‘I didn’t do anything. You did.’
These are but a few examples in which various forms of solidarity, of standing together provided important landmarks in the struggle for free expression of the arts. When I think of such struggles more broadly, I am also reminded of the refusal to accept censorship and of the ingenuity, creativity and humour of individual artists and the ways in audiences embraced their interventions. In 2009, Aydın Orak’s documentary Bêrîvan – Bir Başkaldırı Destanı (Bêrîvan – The Legend of Rebellion) on the 1992 Newroz uprising in the Kurdish town of Cizre was invited to the Batman Film Festival. The screening of the film was cancelled at the last minute on orders of the governor, who – without having seen the film – declared that it ‘disturbed the unity of the Turkish nation’ and featured ‘PKK propaganda.’ Orak took to the stage and recounted the film scene by scene to the assembled audience.
In 2016, filmmaker Kazım Öz was asked to take out scenes referencing state violence from his movie Zer or otherwise pay back funds received by the Cinema Directorate of the Ministry of Culture and Tourism for the project. Öz complied, even if differently than intended by the ministry: He blacked out the visuals of said scenes and showed a note instead that read: ‘You are unable to see this scene upon the request of the Ministry of Culture and Tourism.’ Making censorship visible, these scenes were greeted with thunderous applause by the audience as a show of support with the filmmaker. When phoned by officials the next day asking what he had done, Öz answered inspired by a quote from Picasso: ‘I didn’t do anything. You did.’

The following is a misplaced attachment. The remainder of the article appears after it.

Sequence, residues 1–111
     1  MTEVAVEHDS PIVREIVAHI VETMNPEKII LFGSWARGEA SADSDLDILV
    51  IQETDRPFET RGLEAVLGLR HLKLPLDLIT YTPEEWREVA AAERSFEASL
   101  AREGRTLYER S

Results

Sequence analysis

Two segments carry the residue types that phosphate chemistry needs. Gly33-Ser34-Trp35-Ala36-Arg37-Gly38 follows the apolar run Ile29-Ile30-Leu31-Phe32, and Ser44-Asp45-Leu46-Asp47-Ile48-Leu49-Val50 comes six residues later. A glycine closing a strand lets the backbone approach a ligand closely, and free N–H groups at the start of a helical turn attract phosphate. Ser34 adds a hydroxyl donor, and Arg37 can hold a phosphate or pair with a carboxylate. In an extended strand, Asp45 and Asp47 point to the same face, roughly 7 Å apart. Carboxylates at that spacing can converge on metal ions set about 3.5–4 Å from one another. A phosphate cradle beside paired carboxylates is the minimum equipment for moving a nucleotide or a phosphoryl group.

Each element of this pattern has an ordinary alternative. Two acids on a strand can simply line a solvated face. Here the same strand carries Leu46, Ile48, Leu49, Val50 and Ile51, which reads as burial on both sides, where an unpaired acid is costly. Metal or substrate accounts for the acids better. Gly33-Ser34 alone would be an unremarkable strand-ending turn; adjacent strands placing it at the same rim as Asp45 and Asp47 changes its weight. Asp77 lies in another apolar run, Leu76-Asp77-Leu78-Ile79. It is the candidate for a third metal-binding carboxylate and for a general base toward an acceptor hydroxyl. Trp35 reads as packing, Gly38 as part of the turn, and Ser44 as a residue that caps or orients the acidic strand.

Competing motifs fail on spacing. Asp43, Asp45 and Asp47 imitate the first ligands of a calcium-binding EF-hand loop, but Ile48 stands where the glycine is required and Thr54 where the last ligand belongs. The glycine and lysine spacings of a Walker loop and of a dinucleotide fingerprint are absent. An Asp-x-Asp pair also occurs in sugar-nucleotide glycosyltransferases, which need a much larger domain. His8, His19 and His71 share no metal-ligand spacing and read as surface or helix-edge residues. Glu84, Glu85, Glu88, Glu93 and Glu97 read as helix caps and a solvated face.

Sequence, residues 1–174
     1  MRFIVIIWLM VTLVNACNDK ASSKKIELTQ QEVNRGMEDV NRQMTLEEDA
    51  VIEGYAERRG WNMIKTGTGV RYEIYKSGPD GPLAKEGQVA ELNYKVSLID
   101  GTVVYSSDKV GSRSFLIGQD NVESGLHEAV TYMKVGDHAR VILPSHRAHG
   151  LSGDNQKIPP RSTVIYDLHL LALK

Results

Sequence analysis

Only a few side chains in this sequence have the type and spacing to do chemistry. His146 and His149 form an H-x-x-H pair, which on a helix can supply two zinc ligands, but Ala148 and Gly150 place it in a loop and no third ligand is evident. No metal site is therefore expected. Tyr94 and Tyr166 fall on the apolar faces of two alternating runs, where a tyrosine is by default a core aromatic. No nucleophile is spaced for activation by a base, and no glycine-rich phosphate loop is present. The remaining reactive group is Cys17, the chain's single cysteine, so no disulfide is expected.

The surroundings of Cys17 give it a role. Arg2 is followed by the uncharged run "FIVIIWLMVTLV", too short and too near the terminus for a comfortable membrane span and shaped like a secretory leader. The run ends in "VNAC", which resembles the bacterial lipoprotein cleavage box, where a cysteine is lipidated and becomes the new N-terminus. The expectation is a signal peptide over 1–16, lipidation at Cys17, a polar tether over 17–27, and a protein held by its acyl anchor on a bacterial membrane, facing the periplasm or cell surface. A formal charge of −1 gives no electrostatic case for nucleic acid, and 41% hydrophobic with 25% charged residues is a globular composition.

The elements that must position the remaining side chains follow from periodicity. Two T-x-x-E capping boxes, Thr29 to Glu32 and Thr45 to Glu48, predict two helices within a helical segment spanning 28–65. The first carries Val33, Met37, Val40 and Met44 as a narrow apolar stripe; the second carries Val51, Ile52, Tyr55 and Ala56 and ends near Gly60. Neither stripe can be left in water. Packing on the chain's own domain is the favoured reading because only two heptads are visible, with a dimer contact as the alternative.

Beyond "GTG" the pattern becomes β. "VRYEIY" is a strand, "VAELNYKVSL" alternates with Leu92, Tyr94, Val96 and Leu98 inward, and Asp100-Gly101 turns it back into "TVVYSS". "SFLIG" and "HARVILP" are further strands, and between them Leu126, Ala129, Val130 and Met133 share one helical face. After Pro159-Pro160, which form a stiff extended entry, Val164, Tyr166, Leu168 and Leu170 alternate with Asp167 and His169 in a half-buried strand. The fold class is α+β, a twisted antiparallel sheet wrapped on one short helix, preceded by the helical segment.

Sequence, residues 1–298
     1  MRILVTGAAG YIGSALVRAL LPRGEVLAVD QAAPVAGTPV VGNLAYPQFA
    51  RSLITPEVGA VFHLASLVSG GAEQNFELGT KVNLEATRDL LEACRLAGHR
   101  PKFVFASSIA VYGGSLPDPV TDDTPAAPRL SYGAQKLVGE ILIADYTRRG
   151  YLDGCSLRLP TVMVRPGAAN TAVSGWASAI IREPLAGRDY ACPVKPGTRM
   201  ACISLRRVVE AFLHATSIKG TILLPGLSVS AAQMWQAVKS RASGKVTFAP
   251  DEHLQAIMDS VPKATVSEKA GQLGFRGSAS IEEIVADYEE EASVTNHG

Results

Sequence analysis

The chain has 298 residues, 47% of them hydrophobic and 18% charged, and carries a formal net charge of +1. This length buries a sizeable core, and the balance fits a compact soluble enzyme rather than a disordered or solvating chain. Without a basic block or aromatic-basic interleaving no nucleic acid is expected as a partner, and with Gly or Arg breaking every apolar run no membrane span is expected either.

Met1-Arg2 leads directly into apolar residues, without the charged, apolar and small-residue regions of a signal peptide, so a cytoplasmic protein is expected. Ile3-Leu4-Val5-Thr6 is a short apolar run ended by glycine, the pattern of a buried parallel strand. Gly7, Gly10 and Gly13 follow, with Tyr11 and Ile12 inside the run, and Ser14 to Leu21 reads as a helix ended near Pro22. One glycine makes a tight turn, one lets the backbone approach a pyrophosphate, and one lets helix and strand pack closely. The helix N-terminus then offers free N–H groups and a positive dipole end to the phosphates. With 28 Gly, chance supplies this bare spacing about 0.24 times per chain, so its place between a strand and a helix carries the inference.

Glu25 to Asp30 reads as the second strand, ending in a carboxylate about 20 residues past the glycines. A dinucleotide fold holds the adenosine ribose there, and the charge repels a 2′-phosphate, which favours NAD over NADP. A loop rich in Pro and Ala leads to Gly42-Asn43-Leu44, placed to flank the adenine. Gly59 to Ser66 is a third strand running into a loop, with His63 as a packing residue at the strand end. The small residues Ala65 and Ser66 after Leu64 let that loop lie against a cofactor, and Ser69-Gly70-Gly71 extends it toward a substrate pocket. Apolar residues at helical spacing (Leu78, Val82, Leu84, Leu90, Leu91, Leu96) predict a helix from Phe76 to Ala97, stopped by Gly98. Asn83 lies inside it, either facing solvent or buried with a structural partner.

Some of these struggles against censorship and acts of solidarity are better documented than others, some very public, others less so. As part of Siyah Bant [Black Ribbon], a research platform documenting censorship in the arts, I have accompanied and reported on a fair amount of them. Among the possible actions, solidarity is vital not only to ensure that, despite all obstacles, artworks can meet audiences but also to counteract the feeling of loneliness, even isolation, that experiences of censorship often bring about. This does not mean that solidarity, or other acts of resistance have ever been easy or free of conflict. Still, as attempts of being in community all of them have been and remain important. To remember these attempts also means to remember the capacities and competencies they have cultivated as well as where they have fallen short and why. They serve as a horizon of possibility even in these dark times. Recounting them here, I find myself in somewhat of a bind as Dumpling Post, and this piece, are part of the 17th Istanbul Biennial organised by İKSV – long one of the biggest and most important cultural players in Turkey. As such, İKSV is part of the privately funded institutional landscape that often presents itself as alternative to state-led, public outlets. This claim deserves continued scrutiny under the conditions of capitalism: the division of labour between state and private institutions in the day-to-day operations of the art world rarely comes to mean that the latter openly oppose hegemonic discourses, nor that they sever their organic bonds. There is thus a certain unease in hailing individual or collective acts of ingenuity and creativity and solidarity amongst artists in an institutional publication that might be ultimately read as relieving institutions from their responsibility to protect artists and artworks.